Sketches of a Northern Town : Review
Sketches of a Northern Town
Cheltenham Jazz Festival 2007
I was uncertain as to what I would make of trumpeter Neil Yates’ project “Sketches Of A Northern Town”. Stockport born Yates originally premiered his work at the Manchester Jazz Festival and the music draws on the brass band tradition as well as jazz. Accompanied by visuals supplied by Jo Hinchcliffe the music traces the rise and decline of the mills and factories of Northern England and their subsequent regeneration in recent years. The stories of the people involved are also alluded to in this musical illustration of social history.
At Cheltenham the suite was performed by Yates Tarnished Silver Band in the beautiful surroundings of St. Andrews Church which possesses the perfect acoustic for this type of project. A free brochure given to each audience member at the door allowed one to follow the music perfectly.
With the exception of Robert Turner’s drums every instrument of the eight-piece band was from the brass family with Yates on his own at the front as principal soloist and the rest of the band sat in a semi circle behind him. Before commencing to play Yates explained the concept of the suite.
Hinchcliffe’s visuals added greatly to the music which was presented in three “canvasses”. The first “Lowry’s Times” depicted the working life of the mill with the visuals being shown on two flat screen TVs rather than the usual projector screen. The opening visuals depicted Northern brass bands and factories, whilst musically Yates’ use of the Harmon mute recalled the sound of Miles Davis.
Some musical set pieces were particularly effective especially “Inside The Mill” featuring Turner’s percussion and the brass players drumming on their instruments or music stands to replicate the noise and clamour of the working mill whilst Yates’ open horn pierced the din.
The works of L.S.Lowry were incorporated into the visuals and the “Sad News” concerning the closure of the mill was suitably valedictory.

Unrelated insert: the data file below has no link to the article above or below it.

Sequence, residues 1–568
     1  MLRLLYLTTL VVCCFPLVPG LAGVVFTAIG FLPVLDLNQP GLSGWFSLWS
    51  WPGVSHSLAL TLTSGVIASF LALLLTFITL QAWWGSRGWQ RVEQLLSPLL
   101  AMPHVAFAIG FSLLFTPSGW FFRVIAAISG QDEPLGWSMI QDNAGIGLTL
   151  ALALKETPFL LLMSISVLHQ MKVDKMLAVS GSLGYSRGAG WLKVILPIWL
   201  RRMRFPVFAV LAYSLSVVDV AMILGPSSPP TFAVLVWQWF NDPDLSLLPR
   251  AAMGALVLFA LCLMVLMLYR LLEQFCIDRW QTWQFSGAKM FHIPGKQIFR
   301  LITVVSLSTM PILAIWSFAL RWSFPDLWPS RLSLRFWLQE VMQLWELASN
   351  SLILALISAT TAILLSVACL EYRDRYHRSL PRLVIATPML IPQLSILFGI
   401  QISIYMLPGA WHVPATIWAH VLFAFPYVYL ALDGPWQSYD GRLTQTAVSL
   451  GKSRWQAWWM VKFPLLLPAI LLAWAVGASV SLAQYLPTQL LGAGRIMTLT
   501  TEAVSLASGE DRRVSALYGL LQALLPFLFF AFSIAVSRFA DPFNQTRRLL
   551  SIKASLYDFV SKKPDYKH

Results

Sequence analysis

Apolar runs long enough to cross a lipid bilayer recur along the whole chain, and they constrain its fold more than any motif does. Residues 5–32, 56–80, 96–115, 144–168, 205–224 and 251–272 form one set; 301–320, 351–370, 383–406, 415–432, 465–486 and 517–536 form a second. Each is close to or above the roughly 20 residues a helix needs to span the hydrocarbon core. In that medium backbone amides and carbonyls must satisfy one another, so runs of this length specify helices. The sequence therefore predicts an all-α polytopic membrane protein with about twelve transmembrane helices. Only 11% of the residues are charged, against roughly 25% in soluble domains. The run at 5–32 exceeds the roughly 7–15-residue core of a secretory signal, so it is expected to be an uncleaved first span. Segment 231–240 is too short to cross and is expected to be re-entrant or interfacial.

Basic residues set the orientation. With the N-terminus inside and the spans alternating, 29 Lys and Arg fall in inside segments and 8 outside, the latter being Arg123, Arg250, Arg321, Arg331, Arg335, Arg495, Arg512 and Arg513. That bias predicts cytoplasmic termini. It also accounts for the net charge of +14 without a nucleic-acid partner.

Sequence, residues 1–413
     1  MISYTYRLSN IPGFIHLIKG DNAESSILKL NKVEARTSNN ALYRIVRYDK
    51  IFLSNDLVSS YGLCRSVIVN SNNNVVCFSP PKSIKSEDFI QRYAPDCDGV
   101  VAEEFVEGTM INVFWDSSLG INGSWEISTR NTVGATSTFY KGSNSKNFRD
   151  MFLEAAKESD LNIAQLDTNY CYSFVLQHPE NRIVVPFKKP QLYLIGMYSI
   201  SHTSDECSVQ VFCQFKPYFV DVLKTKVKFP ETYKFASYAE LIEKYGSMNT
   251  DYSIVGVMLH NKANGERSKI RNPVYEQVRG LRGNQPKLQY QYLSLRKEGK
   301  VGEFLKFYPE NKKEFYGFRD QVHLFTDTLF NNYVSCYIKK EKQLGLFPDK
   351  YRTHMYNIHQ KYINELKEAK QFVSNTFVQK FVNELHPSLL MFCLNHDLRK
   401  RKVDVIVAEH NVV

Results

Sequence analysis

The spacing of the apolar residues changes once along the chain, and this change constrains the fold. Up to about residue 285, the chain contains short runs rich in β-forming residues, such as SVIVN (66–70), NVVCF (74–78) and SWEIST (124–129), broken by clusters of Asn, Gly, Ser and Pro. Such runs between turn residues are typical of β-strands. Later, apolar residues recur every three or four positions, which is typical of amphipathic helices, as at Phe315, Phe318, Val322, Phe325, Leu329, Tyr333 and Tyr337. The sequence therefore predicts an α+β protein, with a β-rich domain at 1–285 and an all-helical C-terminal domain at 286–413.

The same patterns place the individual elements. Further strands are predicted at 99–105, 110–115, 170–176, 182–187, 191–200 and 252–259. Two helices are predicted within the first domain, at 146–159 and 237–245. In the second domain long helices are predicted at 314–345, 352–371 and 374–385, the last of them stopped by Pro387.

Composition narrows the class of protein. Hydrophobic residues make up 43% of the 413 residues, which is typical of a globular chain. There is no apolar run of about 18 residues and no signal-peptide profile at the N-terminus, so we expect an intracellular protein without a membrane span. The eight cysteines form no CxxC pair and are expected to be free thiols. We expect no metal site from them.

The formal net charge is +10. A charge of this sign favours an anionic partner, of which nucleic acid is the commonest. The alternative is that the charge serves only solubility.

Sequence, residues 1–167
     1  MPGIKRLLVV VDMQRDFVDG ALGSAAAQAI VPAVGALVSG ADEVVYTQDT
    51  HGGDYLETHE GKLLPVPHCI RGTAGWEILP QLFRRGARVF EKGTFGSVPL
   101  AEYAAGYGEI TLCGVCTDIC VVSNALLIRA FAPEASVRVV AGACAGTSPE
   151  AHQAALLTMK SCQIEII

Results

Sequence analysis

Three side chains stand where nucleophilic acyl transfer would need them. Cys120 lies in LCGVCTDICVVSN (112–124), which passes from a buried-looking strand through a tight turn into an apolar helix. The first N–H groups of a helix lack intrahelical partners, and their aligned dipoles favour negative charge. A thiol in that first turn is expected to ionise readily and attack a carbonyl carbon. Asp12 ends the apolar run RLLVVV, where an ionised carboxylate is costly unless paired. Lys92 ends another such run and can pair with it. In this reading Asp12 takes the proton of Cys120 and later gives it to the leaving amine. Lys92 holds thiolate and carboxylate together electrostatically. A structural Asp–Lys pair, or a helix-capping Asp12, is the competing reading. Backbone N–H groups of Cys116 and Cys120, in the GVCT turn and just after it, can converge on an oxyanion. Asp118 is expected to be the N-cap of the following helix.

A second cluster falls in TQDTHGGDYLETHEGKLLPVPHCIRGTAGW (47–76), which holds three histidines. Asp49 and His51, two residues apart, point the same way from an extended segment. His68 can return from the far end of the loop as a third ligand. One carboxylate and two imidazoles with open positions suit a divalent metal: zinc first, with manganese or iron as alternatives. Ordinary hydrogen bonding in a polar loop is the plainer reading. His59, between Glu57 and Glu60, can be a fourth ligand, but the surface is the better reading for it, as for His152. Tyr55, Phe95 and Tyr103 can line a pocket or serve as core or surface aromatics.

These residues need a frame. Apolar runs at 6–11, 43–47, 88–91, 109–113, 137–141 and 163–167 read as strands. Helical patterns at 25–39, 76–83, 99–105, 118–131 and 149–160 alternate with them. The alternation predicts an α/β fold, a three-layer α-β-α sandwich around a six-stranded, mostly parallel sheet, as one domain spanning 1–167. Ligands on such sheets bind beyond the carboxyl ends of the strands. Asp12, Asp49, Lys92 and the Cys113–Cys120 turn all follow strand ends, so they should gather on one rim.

Canvas Two “Derelict Years” began with Turner tolling a bell to mark the “Closing Of The Gates”. The brass players then paraded into the body of the church bouncing notes of the walls and utilising the superb acoustics to illustrate the “Echoes In The Emptiness”. This set piece was effective, moving and well done.
Visually the decay of the mills was represented by overgrown vegetation, barbed wire and graffiti. Turner’s atmospheric percussion and a lonely tenor horn set the musical atmosphere. “The Winds Of Change” were marked by a duet by second trumpeter Percy Pursglove and Richard Iles on flugelhorn. The music subsequently became more upbeat as “Renovations” commenced.
Canvas Three “New Lives, Old Bricks” was represented visually firstly by architect’s plans, then by buildings undergoing renovation and finally the gleaming finished product. Katrina Marzella’s solo baritone horn bound the various sections together as the music became more joyous and animated.
I’ve never been a fan of brass bands and had approached this project with some trepidation. However thanks to Yates’ skilful composition and arrangements synchronised with Hinchcliffe’s visuals it worked brilliantly and was a genuinely memorable piece of work. Yates was at the heart of things throughout and his technical ability was superb. He’s come a long way since his days as a tentative soloist in Gary Crosby’s Nu Troop.
The audience was suitably enthused to bring the band back for an encore, but I had a ticket for the next gig and had to make a rapid exit. Still at least I had seen heard the suite in its entirety and had been very pleasantly surprised.
The brochure had been produced for the Manchester festival and there were a few line up changes I didn’t catch so apologies to any musicians I’ve left unaccredited, especially the trombone soloist at the end of Canvas One.
Review by Ian Mann